RILA calls on Port of New York-New Jersey to take steps to reduce port productivity issues
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Various cargo and port productivity issues have prompted the Retail Industry Leaders Association (RILA) to call on leadership at the Port of New York/New Jersey over disruptions occurring at the port which RILA Vice President, Government Affairs Kelly Kolb said in a letter to the port’s Executive Director Patrick J. Foye and Deputy Executive Director Deborah L. Grammiccioni have had damaging consequences on the delivery of retailers’ goods.
In the letter, Kolb explained that as the timing of the arrival of the post-Chinese New Year shipments approaches, retailers are concerned that “further disruptions will take place, resulting in lost sales, empty shelves, and disappointed customers.”
And she went on to say that while RILA acknowledges the Port of New York/New Jersey has experienced several weather-related issues that have temporarily closed terminals and slowed operations, the backlog of cargo has become unreasonable and should be considered an extremely serious matter to all those involved in operations at the port. Other issues cited by Kolb included: massive lines outside terminals resulting in slow turn times; shortage of chassis; failing technology at the terminals; lack of drivers; and the current shortage of port and terminal workers.
Although the port has put together a task force focused on overall port improvements, Kolb said that the task force is not due to recommend improvements until June, which RILA maintains is not soon enough to deal with these current issues.
“Considering the current impact that the port disruption is having on retailers’ supply chains, the situation needs to be alleviated immediately,” wrote Kolb. “Many of our members have already added additional lead time to get cargo to their distribution centers and stores. However, despite their efforts, retailers are still having difficulty meeting their due dates for product that is moving through the [port]. Meeting these deadlines is critical as seasonal goods are expected on store shelves for the upcoming spring season.”
To that point, RILA proposed multiple suggestions to get things moving in the right direction:
-Terminals should staff themselves for a complete two shift operation, at a minimum, including weekends and holidays until on-dock, gate, and rail operations return;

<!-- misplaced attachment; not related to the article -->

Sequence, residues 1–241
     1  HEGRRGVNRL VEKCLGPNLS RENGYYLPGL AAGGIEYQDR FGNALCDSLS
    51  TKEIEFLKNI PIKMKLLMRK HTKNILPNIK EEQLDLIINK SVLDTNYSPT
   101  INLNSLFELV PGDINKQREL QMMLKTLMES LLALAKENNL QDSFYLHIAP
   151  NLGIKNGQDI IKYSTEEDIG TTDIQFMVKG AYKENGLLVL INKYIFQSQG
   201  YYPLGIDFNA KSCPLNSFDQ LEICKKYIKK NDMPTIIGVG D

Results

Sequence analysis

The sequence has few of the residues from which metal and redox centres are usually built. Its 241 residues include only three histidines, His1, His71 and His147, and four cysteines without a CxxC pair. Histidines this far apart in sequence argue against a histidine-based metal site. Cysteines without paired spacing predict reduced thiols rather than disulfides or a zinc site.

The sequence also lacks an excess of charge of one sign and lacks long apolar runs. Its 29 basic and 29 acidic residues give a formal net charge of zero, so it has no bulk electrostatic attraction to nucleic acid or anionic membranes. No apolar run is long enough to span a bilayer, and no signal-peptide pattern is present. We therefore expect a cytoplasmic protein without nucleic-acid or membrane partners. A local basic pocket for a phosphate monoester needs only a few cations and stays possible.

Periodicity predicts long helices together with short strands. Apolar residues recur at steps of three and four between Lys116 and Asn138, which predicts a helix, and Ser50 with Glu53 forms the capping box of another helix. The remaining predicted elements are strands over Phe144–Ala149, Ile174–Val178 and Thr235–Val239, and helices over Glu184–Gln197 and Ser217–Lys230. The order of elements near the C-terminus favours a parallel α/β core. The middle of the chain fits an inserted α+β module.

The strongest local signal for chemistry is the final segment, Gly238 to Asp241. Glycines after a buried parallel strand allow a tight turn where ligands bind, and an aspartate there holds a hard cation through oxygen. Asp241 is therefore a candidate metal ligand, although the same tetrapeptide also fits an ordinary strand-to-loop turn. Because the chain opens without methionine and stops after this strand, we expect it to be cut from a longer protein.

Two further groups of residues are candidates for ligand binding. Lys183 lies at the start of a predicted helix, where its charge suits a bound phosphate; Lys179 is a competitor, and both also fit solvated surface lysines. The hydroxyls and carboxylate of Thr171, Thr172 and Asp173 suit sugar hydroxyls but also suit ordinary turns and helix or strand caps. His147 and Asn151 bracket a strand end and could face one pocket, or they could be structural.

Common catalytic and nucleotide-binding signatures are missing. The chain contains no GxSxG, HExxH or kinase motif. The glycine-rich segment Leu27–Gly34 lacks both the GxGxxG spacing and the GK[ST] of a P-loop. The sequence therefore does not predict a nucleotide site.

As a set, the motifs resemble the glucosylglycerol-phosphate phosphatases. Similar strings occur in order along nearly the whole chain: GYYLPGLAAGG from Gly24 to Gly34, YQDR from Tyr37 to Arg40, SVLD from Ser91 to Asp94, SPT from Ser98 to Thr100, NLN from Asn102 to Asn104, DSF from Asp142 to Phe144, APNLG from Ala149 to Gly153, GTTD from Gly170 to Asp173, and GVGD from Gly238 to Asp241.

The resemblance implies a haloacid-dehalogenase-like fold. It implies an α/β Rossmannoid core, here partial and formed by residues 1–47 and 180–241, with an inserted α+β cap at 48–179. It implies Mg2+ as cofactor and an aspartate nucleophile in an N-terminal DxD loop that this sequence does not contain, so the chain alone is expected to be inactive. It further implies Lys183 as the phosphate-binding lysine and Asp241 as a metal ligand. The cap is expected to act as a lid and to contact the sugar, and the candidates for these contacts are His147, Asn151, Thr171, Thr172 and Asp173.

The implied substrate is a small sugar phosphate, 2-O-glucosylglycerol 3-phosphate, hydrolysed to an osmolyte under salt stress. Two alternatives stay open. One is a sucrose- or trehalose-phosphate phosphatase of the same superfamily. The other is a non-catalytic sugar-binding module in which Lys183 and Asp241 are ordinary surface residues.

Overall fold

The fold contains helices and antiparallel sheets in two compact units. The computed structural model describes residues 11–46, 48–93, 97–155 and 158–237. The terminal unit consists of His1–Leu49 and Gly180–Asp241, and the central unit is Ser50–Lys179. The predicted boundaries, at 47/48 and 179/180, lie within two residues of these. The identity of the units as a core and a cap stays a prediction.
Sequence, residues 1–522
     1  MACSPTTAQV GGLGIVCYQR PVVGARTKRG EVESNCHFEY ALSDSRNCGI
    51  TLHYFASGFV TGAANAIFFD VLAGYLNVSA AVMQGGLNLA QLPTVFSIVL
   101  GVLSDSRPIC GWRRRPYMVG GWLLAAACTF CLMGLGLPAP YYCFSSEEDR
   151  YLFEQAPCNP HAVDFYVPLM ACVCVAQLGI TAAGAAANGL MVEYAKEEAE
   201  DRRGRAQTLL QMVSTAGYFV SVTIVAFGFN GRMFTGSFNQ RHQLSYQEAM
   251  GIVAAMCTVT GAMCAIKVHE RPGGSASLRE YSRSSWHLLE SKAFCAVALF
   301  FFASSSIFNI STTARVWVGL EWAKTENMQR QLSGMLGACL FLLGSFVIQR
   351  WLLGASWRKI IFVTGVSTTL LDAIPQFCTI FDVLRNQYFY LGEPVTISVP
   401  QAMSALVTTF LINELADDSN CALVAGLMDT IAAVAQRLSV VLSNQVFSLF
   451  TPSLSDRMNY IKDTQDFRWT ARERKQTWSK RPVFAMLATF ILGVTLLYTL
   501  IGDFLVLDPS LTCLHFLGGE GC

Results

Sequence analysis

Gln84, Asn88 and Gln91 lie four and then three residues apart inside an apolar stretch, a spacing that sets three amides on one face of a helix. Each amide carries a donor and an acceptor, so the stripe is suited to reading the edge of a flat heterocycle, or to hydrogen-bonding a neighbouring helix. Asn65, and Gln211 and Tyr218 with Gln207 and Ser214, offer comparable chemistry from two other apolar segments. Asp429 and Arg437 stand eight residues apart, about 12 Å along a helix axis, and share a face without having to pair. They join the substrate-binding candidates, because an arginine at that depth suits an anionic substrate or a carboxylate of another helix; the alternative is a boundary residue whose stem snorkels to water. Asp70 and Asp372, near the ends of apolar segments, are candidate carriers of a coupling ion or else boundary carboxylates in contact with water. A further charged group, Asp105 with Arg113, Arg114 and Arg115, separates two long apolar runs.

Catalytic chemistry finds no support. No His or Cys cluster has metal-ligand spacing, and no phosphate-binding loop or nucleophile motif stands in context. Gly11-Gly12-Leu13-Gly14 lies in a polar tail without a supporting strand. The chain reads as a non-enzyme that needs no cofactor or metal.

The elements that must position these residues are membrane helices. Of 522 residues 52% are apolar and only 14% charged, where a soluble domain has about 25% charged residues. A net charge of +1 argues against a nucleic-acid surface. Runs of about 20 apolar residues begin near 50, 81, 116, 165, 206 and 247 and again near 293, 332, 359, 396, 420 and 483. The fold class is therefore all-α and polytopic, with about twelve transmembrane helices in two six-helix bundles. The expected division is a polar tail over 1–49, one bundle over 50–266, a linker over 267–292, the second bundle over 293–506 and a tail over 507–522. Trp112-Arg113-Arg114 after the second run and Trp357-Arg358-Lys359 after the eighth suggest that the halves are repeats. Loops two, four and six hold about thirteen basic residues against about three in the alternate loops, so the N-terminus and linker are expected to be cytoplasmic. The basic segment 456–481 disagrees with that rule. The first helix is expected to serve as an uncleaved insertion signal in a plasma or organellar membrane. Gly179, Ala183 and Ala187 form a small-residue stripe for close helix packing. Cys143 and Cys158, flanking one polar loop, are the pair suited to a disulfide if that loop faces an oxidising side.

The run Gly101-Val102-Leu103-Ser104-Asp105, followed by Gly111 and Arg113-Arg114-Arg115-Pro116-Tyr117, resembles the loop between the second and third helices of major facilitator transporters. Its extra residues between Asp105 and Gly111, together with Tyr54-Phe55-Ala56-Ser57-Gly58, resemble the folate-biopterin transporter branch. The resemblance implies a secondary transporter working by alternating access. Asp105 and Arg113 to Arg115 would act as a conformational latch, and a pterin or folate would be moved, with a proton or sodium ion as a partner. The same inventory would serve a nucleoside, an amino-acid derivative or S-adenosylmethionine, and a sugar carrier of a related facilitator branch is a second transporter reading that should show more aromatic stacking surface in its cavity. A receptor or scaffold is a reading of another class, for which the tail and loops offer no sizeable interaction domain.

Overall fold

-Chassis inspections should be conducted in a safe and reasonable manner that does not place units “out of service” that are not an immediate hazard;
-The port should assign constant traffic oversight to mitigate the ripple effect of one terminal queue impacting others; and
-Fees that are attributable to the delays caused by the port’s challenges should be suspended until the port operations can return to normal
Paul Bingham, economics practice leader at CDM Smith, told LM he believes that this situation at the Port of New York/New Jersey echoes the problems caused by the terminal management software transition problem at Maher that goes back to last year, along with the issues with the chassis with the transition away from the carrier chassis fleets, adding that the manning levels is another factor as is the truck queue traffic management.
“The Port Authority is not wrong to understand they need port community buy-in to address the productivity issues since they don’t control everything that matters, including terminal gate hours and the conditions and ownership of chassis,” said Bingham. “The task force is the mechanism they’ve set up for this but I acknowledge frustration on the part of the shippers, such as the retailers, in how long that process will take to result in improvements.”
And last year when cargo was diverted from Maher Terminals and the terminal management software transition didn’t go well, Bingham explained that was the carriers deciding to do that on ship call basis, not the shippers driving those decisions.
“This now is different with the retailers, not the carriers, complaining directly and warning of consequences to come later this year,” he said. “As monthly volumes increase later in the year, the implication is that if there are performance problems with current slow-season volumes, the risk of greater disruption with higher TEU volumes later in the year may have more serious consequences for shippers.”
What’s more, with reports of U.S. importers making contingency plans to reduce the risk from potential west coast port disruption later this year with the ILWU coastwise contract expiration, Bingham said it is reasonable to expect importers to also take steps to reduce the risk from further problems at the Port of New York and New Jersey, which may also involve arranging for capacity on services calling other ports this year.
“That is not good news for PANYNJ but is the implication from a sustained inability to have the port terminal congestion alleviated to the satisfaction of the shippers,” he said.
About the AuthorJeff Berman Jeff Berman is Group News Editor for Logistics Management, Modern Materials Handling, and Supply Chain Management Review. Jeff works and lives in Cape Elizabeth, Maine, where he covers all aspects of the supply chain, logistics, freight transportation, and materials handling sectors on a daily basis. Contact Jeff Berman
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